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Kensington mural

As rapid urbanization continues to pose a significant threat to the well-being of people, Creative Placemaking has emerged as an evolving field of practice, driving a broader agenda for positive change, especially in blighted areas of cities. Leveraging lessons learned from a recently completed project called “Art Enlivens,” I have explored the impacts of low-cost, creative placemaking strategies in enhancing the public realm by bringing diverse people together and creating a strong sense of community in the bustling neighbourhood of Kensington Market in Toronto.

Community engagement pop-up event at Bellevue Park in Kensington Market. IMAGE/ Courtesy of Shahryar Nowzari

Creative placemaking is a relatively new concept in the field of landscape architecture and urban design that seeks to integrate arts and cultural activities into the design and development of the public realm. At its core, creative placemaking focuses on creating spaces that are functional, authentic, and reflective of the community in which they exist. Therefore, in-depth and broad community engagement is an essential component of all creative placemaking projects, as it allows residents, businesses, and other stakeholders to have a voice in the design and development of their community.

Community members were asked to choose their favourite design option and explain why. IMAGE/ Courtesy of Shahryar Nowzari

Another important aspect of creative placemaking is providing opportunities for communities to engage with each other and their environment in new and meaningful ways. It helps strengthen a sense of community and belonging, leading to stronger social networks, increased civic engagement, and improved quality of life for residents.

Last year, in collaboration with Toronto-based visual artist Yasaman Mehrsa, I led a project called “Art Enlivens”—primarily funded by an internal DIALOG scholarship called the Iris Prize, which I received in 2021. Driven by a lifelong love of art and a passion for improving urban life through placemaking, I sought a prominent yet underappreciated site where a new placemaking project could make a noticeable public impact. The west wall of 620 Dundas Street West fit the bill perfectly. My main goal for the project was to inspire more urbanists to see the value of creative placemaking in bringing diverse people together, engaging them in meaningful conversations, amplifying their voices, and, in doing so, triggering social, political, environmental, and economic change in Toronto’s public realm.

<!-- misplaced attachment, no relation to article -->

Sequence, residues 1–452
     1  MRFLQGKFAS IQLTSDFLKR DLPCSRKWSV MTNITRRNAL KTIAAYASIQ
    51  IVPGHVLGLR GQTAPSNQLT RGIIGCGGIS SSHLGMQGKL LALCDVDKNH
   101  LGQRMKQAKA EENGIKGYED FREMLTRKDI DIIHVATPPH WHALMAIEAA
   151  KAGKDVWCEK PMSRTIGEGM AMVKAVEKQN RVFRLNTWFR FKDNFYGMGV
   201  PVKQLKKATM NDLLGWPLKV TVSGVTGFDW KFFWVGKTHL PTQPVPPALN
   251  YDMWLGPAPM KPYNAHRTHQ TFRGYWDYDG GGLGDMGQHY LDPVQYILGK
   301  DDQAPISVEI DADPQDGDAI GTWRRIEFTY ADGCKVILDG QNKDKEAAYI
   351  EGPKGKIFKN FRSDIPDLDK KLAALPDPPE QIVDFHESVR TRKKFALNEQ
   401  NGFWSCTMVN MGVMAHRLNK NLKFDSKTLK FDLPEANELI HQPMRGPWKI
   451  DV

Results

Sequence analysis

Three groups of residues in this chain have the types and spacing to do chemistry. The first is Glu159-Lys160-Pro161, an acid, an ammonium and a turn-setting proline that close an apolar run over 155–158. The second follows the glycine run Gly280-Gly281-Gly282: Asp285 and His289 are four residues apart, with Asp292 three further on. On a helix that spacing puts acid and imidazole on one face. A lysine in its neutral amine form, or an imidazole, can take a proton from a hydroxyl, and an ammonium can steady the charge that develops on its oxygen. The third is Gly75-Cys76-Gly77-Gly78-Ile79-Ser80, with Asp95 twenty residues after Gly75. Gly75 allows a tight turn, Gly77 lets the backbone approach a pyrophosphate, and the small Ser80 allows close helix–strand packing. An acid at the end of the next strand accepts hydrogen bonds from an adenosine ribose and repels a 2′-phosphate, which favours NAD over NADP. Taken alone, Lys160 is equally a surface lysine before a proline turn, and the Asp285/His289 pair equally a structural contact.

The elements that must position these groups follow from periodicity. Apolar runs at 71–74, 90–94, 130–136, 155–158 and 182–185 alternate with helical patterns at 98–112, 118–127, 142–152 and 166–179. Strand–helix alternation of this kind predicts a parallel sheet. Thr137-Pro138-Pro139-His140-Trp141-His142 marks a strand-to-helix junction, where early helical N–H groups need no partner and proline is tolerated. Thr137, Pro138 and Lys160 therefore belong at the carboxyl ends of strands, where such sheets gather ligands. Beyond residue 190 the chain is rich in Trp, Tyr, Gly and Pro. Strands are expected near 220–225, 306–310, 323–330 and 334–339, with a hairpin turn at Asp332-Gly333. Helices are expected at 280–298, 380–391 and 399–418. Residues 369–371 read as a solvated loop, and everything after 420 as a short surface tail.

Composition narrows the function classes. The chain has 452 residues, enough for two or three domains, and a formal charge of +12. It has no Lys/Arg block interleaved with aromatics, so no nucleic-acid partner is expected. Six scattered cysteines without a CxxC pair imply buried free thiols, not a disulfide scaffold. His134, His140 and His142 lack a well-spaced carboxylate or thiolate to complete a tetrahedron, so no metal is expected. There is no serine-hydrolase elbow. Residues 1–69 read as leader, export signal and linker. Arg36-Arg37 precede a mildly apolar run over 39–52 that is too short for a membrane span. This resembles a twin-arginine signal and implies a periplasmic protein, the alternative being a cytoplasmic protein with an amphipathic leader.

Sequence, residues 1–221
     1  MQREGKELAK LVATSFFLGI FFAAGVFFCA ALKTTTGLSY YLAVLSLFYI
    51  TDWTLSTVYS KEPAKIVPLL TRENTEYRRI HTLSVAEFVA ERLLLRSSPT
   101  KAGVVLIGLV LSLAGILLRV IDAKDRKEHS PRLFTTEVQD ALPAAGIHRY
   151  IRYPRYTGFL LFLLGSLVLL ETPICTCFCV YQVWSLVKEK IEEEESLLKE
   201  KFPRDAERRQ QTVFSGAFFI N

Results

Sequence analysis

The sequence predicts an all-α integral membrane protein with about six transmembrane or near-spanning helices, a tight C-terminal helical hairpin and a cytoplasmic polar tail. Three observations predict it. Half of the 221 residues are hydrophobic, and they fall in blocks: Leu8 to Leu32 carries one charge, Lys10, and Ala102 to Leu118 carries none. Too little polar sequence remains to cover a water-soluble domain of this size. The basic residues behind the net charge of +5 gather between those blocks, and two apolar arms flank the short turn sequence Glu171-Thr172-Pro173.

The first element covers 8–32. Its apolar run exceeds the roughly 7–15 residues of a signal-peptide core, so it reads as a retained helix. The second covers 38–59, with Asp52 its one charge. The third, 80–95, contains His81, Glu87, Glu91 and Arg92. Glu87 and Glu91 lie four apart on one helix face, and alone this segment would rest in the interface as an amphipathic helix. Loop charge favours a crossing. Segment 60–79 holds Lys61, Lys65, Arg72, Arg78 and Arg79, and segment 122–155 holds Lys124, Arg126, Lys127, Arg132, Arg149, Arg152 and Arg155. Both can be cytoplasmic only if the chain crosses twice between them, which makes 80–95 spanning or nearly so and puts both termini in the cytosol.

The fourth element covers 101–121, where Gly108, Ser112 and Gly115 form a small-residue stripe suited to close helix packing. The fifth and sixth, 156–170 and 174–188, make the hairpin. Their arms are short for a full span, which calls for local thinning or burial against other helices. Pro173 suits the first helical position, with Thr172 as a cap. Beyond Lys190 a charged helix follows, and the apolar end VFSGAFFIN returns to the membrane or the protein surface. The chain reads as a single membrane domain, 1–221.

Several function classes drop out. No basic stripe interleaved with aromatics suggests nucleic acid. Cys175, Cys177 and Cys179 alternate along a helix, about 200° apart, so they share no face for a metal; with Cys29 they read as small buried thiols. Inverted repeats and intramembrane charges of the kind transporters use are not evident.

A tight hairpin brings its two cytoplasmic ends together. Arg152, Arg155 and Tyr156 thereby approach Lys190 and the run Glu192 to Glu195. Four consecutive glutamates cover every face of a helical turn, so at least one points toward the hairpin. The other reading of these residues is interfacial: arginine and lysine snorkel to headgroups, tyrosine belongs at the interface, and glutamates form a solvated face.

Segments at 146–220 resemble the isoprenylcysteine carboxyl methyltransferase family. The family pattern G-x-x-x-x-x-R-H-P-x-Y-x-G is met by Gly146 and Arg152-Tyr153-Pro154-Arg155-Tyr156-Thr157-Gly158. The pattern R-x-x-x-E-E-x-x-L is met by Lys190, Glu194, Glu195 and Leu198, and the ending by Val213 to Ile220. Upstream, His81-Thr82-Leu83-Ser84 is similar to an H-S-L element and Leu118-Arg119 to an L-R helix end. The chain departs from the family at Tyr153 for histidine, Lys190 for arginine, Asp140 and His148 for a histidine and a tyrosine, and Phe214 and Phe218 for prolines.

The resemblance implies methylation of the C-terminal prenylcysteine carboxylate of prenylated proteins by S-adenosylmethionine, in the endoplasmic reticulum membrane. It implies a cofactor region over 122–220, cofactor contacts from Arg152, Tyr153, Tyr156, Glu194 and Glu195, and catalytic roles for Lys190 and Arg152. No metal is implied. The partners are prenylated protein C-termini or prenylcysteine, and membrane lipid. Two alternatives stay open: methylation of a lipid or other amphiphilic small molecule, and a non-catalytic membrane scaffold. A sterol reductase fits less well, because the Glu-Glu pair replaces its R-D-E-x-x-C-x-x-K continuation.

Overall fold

The pop-up was facilitated by engagement experts from DIALOG in multiple languages. IMAGE/ Courtesy of Shahryar Nowzari

Situated at the intersection of Dundas Street and Denison Avenue, the two-story wall, which was previously heavily vandalized, has been completely transformed into a vibrant and lively community showcase. For over a year, I worked closely with the artist, local property owners, and community members to create an artwork that meaningfully reflects and celebrates local culture and civic identity. After consulting with key stakeholders, I hosted a series of public consultations in nearby Bellevue Square Park, allowing neighbours and community members to voice their priorities and provide feedback on conceptual design schemes. The engagement of the community, through in-person and online channels, fostered a sense of inclusivity among individuals and organizations associated with the neighbourhood. This resulted in their active participation and willingness to collaborate with me towards influencing the outcome of the mural.

The mural during installation. IMAGE/ Courtesy of Shahryar Nowzari

The chosen design? Quintessential Kensington. Dubbed “A Joy to Ride,” a winged figure riding a bicycle sits at the heart of the mural, framed by the eclectic, colourful row houses and majestic trees that characterize the neighbourhood. Musical motifs also accent the eclectic mural, with the bicycle’s back wheel enlivened by a drum and gour—a nod to neighbouring business (and Kensington Market staple) the African Drums and Arts Crafts store. “The African drum and its rhythms that are vibrating reflect our identity,” says owner Saikou Saho.